“Support your veterans.” The old man squeaked, although it came out as, “Shpo yo veters.”
Paul felt the familiar glow as he reached into his pockets and saw the three men eyeing him with big smiles.
The old man shook the young man off his arm in annoyance. “I cin shtan uh mashel.” his voice quavered angrily.
The young man quickly let him go and they resumed their sunny dispositions.
As Paul’s fingers closed on some coins, he heard the woman hollering as she ran behind him, and past him right into the three people at the door.
The old man was barreled into and almost crumpled to the ground, only supported by the young men’s quick reflexes.
The old man was helped up, wheezing and coughing, the tray of pins on the ground flipped over.
“Watch it!” one of the young men yelled after the girl. “You could really hurt someone.”
“Well well look what we got here.” the man with the broom had come and looked slowly from one face to another. “It’s slavery all over again. The white man comes with the gun in one hand, the bible in the other. You gonna try this again, huh? Well I’ll see you try. Get the hell off my property.”
The young men looked indignantly at him. “How dare you talk to a veteran that way?”
“A a a, keep your silver tongue to yourself churchmen. Last time we listened to you, you had us fooled with your crosses and your wafers and we followed you out of mother Africa. I aint falling for that again.”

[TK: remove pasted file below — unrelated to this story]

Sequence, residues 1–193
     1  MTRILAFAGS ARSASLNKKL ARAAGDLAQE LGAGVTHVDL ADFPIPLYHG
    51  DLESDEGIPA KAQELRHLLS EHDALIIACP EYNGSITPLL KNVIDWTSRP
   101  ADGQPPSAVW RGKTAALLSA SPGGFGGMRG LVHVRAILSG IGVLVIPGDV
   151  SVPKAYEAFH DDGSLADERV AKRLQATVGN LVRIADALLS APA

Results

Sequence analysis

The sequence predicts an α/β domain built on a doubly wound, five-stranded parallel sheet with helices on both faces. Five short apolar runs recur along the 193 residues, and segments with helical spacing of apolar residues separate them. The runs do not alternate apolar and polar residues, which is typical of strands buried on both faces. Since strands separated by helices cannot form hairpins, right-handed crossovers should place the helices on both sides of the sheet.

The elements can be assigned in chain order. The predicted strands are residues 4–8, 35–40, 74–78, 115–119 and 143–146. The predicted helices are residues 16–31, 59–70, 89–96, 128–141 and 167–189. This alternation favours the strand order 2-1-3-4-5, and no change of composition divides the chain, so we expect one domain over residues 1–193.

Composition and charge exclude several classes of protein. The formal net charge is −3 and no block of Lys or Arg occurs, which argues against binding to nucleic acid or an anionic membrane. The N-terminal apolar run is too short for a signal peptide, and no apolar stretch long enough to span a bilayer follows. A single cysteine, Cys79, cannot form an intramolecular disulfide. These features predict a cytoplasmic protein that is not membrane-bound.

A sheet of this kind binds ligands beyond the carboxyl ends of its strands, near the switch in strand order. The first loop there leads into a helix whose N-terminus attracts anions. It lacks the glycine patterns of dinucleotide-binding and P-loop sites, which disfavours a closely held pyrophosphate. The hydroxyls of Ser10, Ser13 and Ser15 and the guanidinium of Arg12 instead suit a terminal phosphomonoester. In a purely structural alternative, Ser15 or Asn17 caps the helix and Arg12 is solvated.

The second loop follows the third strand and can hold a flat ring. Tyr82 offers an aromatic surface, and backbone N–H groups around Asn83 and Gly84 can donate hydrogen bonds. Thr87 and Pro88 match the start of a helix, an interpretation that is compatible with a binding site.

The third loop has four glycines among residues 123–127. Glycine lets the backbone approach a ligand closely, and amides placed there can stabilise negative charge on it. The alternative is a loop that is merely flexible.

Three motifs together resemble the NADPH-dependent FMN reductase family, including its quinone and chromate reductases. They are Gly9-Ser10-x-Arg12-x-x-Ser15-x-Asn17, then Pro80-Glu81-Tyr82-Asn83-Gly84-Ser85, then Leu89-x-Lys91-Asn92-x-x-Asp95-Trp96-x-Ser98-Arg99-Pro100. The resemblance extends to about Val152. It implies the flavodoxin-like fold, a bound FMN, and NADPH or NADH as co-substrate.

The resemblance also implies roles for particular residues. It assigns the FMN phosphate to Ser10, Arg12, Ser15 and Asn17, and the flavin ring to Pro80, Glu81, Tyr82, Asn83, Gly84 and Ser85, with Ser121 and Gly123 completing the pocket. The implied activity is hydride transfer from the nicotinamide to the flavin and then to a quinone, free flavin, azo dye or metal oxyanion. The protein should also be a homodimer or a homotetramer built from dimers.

He spat on the ground, on the scattered flowers decorating the welcome mat.
“There now you gone and messed my mat.”
“You spat on it!” a young man protested.
Paul bent down and carefully started picking up the flowers. He glanced up and felt the sunburst unfurling in his chest as they all looked down on him silently.
He meticulously picked up the bits that had torn off until he heard the black guy say, “There we go, that’s the kind of symbolism I like. The white man needs to pick up those wilted flowers he ruined. Let’s go my friend pick em up. Clean up that mess you made all those years ago and are still making today.”
“That is quite enough.” The young men yanked him up. “You shouldn’t be cleaning up a mess you didn’t make.” and one of them reached over and flung the flowers back on the ground. “You fellow, clean it up.”
“You racist, I’ll kill you.”
Paul was shoved to the side as the man tackled them and the old man went flying.
“Heeeeeelp.” The old man screeched in a terrible voice.
Paul glanced over at the black man who was fighting the young men. He felt a yearning deep down to help the black man. He took a step closer.
The young men managed to get him to the ground and were trying to form a choke-hold over him. Neither seemed very adept at it and were looking at each other anxiously.
“You fools,” the grounded man laughed. “You don’t know what you’re doing. I could feel the hesitation. Why don’t you just get up and walk away.”
The young men looked at each other and then almost obediently stopped struggling and got up with a sheepish look on their faces.
“Violence is the devil’s work,” one said, extending his arm to help the black man up. “We’re sorry.”
The man got up slowly, looking at them suspiciously. Then he grinned maliciously. “You a couple of right dopey whiteys eh? Peace and love and all that?”
“We’re the servants of the Christian lord, sir. In his name we preach peace and love.”
“Yeah,” he chuckled. “And all that nonsense. Give me a gun over peace and love any day. Hypocrites.”
Paul looked at him in horror. “But sir, isn’t that what we all want?”